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Amelia Bedelia 1

Final Project – Amelia Bedelia

Edward Belak

UCSD

EDUC-31218– Language and Language Development

Stephanie LaQua

4 March 2011
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Peggy Parish created a very endearing character for generations of readers when

she wrote her first Amelia Bedelia book in 1961. She went on to write eleven more

books in this series, up until her sudden death in 1988. Her books center around a very

sweet housekeeper, who is also a fantastic aficionado of pies. The conflict in the stories

generate from the issue of language between the Rogers family and Amelia. The Rogers

tend to give her directions that contain non-literal statements. Amelia, unbeknownst to

her, takes the commands literal and causes more problems than she solves. The table

below charts the list and the confusion from the first book, Amelia Bedelia (1963).

Table 1.1

List made by Mr and Mrs. Amelia’s meaning Conventional meaning


Rogers
Change the towels Change the physical Exchange the current towels
appearance of the towels with fresh ones
Dust the furniture Put dusting powder on Remove the dust from the
the furniture furniture.
Draw the drapes when the sun Draw a picture of the Close the drapes.
comes in. drapes
Put the lights out. Place the lights outside Turn off the lights.
on the laundry line
Measure two cups of rice. Fill two cups with rice Using a measuring cup, place
and stack them and two cups of rice into a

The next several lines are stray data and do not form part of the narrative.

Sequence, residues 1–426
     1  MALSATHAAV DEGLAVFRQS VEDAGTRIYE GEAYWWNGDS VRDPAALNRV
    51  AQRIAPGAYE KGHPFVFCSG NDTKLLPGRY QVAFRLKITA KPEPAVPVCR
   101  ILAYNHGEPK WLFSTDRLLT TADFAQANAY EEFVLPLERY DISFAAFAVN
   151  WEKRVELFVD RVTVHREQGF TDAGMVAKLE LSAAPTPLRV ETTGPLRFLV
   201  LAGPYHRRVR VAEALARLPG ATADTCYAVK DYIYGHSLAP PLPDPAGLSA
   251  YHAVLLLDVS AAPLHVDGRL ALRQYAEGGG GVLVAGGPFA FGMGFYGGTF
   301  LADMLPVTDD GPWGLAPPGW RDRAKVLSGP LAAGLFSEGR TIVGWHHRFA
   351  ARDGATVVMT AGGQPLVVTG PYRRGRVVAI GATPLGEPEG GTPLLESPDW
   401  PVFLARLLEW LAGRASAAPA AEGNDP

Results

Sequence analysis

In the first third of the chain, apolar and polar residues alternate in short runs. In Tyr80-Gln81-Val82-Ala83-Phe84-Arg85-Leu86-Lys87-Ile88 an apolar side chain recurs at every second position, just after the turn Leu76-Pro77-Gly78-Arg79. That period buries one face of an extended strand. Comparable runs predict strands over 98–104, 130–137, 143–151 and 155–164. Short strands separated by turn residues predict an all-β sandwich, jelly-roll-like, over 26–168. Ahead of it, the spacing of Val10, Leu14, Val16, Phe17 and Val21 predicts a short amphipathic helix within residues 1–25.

measure how tall they separate bowl.
are.
Trim the fat before you put Place bows and lace on Cut the fat off of the steak
the steak in the icebox. the edge of the meet as before you place it in the
we do on a Christmas icebox.
tree
Please, dress the turkey. Put clothes on the Please, finish preparing the
turkey. turkey to be cooked.
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When examining this relationship in regards to communicative competence, we

clearly see that there really is none. The core purpose of communication is to relay a

message from one person to another and have a desired result occur. This may be simply

to listen and appreciate what is being said, or it could be more imperative; go and do as I

say. The reader of this book can see that the desired results are not happening and a

breakdown is occurring somewhere along the line.

Lyle Bachman examined communicative competence and renamed it “language

competence” and split this into two broad categories; organizational competence, which

deals with grammar and syntax, and pragmatic competence, which focuses on

comprehension of the message itself. Bachman further divides the pragmatic competence

into two smaller parts: illocutionary competence (sending/receiving intended message)

and sociolinguistic competence (cultural norms) (Brown, p. 220). It is in these two

competencies that the breakdown between Mrs. Rogers and Amelia occur.

At first glance, a person may consider Amelia is having a communicative

deficiency. She was the one that did not understand what was being said to her. She was

the one that did every command literally. She struggled with the common

comprehension. However, we should point out that it is the person doing the

communication that is responsible for comprehension, not the listener.

Charlann Simon wrote that various researchers have pinpointed some very